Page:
Much in line with the thawing job market elsewhere, next year’s outlook for those seeking employment in the law field is looking positive.
According to a Robert Half Legal survey, 27 percent of lawyers interviewed said their respective law firm plans to add new positions within the next six months. 56 percent indicate their organization expects to maintain current staff levels by filling vacant posts, and only 12 percent of respondents say they do not intend to fill vacant positions or create new ones and another two percent expect staff reductions.
Robert Half Legal is the legal staffing division of Robert Half. The company provides law firms and corporate legal departments with lawyers, paralegals and legal support personnel. The research was conducted by an independent research firm and is based on 200 telephone interviews with lawyers in the United States: 100 of the respondents are employed at law firms with 20 or more employees and 100 are employed at companies with 1,000 or more employees. All of the respondents have hiring authority within their organizations.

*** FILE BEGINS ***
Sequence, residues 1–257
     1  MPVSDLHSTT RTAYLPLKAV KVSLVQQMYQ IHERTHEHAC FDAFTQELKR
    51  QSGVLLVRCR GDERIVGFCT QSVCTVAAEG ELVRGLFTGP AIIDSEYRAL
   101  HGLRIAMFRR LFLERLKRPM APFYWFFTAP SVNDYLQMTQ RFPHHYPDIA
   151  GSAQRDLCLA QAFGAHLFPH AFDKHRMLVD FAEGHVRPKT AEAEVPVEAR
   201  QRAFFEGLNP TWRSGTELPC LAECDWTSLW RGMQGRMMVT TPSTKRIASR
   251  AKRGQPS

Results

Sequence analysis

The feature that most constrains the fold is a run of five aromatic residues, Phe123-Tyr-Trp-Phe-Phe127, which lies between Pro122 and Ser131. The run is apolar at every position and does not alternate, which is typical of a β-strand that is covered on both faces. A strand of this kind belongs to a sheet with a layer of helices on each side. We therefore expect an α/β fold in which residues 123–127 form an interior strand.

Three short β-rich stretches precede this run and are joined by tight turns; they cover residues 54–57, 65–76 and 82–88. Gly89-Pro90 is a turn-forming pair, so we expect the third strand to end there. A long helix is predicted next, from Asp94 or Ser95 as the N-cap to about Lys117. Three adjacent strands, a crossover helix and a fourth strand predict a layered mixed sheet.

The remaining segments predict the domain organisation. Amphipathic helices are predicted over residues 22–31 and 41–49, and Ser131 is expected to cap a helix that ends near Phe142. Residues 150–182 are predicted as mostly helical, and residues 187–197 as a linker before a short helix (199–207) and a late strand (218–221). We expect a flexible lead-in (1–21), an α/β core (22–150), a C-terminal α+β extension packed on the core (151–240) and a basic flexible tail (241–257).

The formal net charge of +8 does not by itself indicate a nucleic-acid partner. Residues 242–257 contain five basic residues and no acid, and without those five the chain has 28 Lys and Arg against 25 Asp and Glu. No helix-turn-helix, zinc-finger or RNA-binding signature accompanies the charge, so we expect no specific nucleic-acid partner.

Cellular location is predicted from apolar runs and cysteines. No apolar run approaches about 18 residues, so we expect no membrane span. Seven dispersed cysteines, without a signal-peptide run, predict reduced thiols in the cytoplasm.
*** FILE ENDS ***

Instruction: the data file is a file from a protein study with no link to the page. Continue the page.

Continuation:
Robert Half Legal’s research shows that litigation is anticipated to drive the new hiring – 46 percent of attorneys surveyed say litigation is the driving force of the greatest number of legal job opportunities in the first of half of the year. The survey shows that specially, insurance defense was cited by 46 percent of lawyers as the leading driver of job growth, followed by commercial litigation at 37 percent and 28 percent was employment law.
“Litigation-related activity shows no sign of slowing down in the months ahead," said Charles Volkert, executive director of Robert Half Legal. "As a result, hiring highly skilled litigation experts – from insurance defense paralegals to litigation associates and e-discovery attorneys – will be a top priority for law firms as they focus on expanding services to meet clients' needs and increase revenue."
Volkert noted that retention becomes a greater priority as firms navigate through an improving economy. "Not only are advanced skill sets and deep industry or organizational knowledge difficult to replace, but the loss of a key team member also has the potential to affect client service levels and future growth plans," said Volkert.